Ph.D. Dissertation Defense
Computer Science and Electrical Engineering
University of Maryland, Baltimore County
Applying Data Visualization Techniques to Support the
Analysis of Digital Forensic Data
10:00am-Noon Friday 22 November 2013, ITE 456
The Modern Age of digital forensics is characterized by a proliferation of artifacts, increased data complexity, larger and cheaper data storage, and the emergence of the need for tools that support timeline analysis, anomaly detection, and triage. Traditional text-based digital forensic tools can no longer keep pace with the demands of the modern digital forensic examiner. A new approach for developing digital forensic tools is required if digital forensics is going to avoid becoming stagnant.
We apply the power of data visualization to support the needs of the modern digital forensic examiner. We design and develop a tool called Change-Link; a coordinated and multiple view tool which uses semantic zooming in the form of an overview, treeview, directory content view, and a metadata view to provide an understanding of digital forensic data that changes over time. By using this tool to examine a mock evidence hard drive containing shadow volume data provided by the Microsoft Volume Shadow Copy Service, we demonstrate a way to reduce data complexity and provide better forensic data analysis while supporting timeline analysis, anomaly detection, and a triage of the dataset.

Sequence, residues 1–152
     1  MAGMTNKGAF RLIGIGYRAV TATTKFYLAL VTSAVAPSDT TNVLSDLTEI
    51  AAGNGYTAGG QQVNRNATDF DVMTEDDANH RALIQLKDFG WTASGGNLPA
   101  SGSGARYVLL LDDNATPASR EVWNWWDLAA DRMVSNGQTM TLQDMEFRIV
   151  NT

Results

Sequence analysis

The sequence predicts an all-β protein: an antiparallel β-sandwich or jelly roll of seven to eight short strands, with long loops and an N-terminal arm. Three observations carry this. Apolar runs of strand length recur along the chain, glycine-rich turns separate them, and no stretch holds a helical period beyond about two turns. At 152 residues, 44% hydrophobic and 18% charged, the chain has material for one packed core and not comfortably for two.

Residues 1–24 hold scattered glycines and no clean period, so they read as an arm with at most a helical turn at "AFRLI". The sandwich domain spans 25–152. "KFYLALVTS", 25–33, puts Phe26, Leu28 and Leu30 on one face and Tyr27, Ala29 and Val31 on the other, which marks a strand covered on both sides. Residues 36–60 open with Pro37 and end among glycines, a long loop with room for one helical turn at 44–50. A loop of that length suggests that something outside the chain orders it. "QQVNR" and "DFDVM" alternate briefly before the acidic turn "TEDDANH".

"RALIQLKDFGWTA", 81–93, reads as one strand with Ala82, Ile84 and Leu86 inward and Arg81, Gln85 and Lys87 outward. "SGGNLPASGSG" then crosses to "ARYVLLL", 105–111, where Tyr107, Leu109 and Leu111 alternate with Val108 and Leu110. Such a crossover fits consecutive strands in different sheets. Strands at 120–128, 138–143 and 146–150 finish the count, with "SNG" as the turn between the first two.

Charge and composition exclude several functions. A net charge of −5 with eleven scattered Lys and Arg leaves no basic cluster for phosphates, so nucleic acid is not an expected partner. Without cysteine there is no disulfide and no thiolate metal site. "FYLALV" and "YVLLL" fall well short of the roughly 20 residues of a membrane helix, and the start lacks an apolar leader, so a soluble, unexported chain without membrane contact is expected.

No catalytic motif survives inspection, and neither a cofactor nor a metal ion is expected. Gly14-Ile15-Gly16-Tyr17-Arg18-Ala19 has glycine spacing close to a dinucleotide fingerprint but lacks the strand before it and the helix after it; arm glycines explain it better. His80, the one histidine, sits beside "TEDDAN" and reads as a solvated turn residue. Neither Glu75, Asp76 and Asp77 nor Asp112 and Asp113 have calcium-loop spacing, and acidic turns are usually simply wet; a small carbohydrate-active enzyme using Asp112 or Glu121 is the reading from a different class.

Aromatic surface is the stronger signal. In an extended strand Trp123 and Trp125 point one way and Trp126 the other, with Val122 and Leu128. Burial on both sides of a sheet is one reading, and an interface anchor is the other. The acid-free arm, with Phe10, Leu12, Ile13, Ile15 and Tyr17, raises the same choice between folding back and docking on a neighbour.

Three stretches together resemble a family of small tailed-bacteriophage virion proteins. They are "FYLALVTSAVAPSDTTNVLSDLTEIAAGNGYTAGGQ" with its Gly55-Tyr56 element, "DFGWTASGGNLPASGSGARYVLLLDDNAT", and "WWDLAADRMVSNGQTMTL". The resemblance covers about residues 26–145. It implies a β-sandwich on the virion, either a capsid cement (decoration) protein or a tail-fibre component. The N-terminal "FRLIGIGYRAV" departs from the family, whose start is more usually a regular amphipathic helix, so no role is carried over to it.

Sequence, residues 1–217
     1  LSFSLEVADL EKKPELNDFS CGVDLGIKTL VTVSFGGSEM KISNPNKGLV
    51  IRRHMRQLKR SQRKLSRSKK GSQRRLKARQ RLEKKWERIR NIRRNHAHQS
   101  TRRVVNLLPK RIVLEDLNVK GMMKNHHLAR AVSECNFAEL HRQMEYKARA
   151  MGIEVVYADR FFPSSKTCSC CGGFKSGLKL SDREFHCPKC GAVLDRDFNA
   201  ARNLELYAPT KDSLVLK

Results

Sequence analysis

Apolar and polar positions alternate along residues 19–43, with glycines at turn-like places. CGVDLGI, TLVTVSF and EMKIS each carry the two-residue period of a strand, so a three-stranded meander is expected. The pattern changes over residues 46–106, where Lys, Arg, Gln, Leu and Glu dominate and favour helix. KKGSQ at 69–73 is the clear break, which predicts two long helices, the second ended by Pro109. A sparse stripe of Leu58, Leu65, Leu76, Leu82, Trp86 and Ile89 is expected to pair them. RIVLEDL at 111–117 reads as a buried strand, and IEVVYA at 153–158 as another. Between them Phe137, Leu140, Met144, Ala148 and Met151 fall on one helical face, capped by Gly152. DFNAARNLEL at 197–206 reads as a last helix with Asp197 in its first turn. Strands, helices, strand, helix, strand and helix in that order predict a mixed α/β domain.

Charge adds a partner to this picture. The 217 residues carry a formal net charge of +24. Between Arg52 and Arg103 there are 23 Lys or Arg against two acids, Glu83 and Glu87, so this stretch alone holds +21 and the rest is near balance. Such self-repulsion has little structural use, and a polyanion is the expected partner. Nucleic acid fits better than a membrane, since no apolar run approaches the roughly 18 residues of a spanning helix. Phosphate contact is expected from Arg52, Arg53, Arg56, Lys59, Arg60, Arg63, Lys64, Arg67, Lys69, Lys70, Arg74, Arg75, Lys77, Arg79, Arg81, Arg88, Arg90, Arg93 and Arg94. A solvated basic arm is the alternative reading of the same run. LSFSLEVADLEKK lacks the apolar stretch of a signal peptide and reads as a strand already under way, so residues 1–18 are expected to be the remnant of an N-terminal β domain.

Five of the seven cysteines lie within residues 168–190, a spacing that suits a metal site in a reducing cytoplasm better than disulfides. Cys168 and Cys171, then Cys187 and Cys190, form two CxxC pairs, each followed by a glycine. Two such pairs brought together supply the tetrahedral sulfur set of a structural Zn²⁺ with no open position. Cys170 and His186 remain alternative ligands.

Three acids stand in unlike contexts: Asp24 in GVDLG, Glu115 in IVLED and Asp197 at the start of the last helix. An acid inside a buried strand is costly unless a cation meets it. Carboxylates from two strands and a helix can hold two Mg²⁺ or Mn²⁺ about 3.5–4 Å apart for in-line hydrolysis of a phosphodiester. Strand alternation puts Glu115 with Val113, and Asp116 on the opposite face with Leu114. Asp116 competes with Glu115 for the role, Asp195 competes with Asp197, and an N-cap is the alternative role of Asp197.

We demonstrate a proof for our broader hypothesis which is data visualization techniques can be developed to support better analysis of digital forensic data.
Committee: Drs. Charles Nicholas (chair), Konstantinos Kalpakis, Dhananjay Phatak, Jian Chen, Clay Shields (Georgetown Univ.), Daniel Quist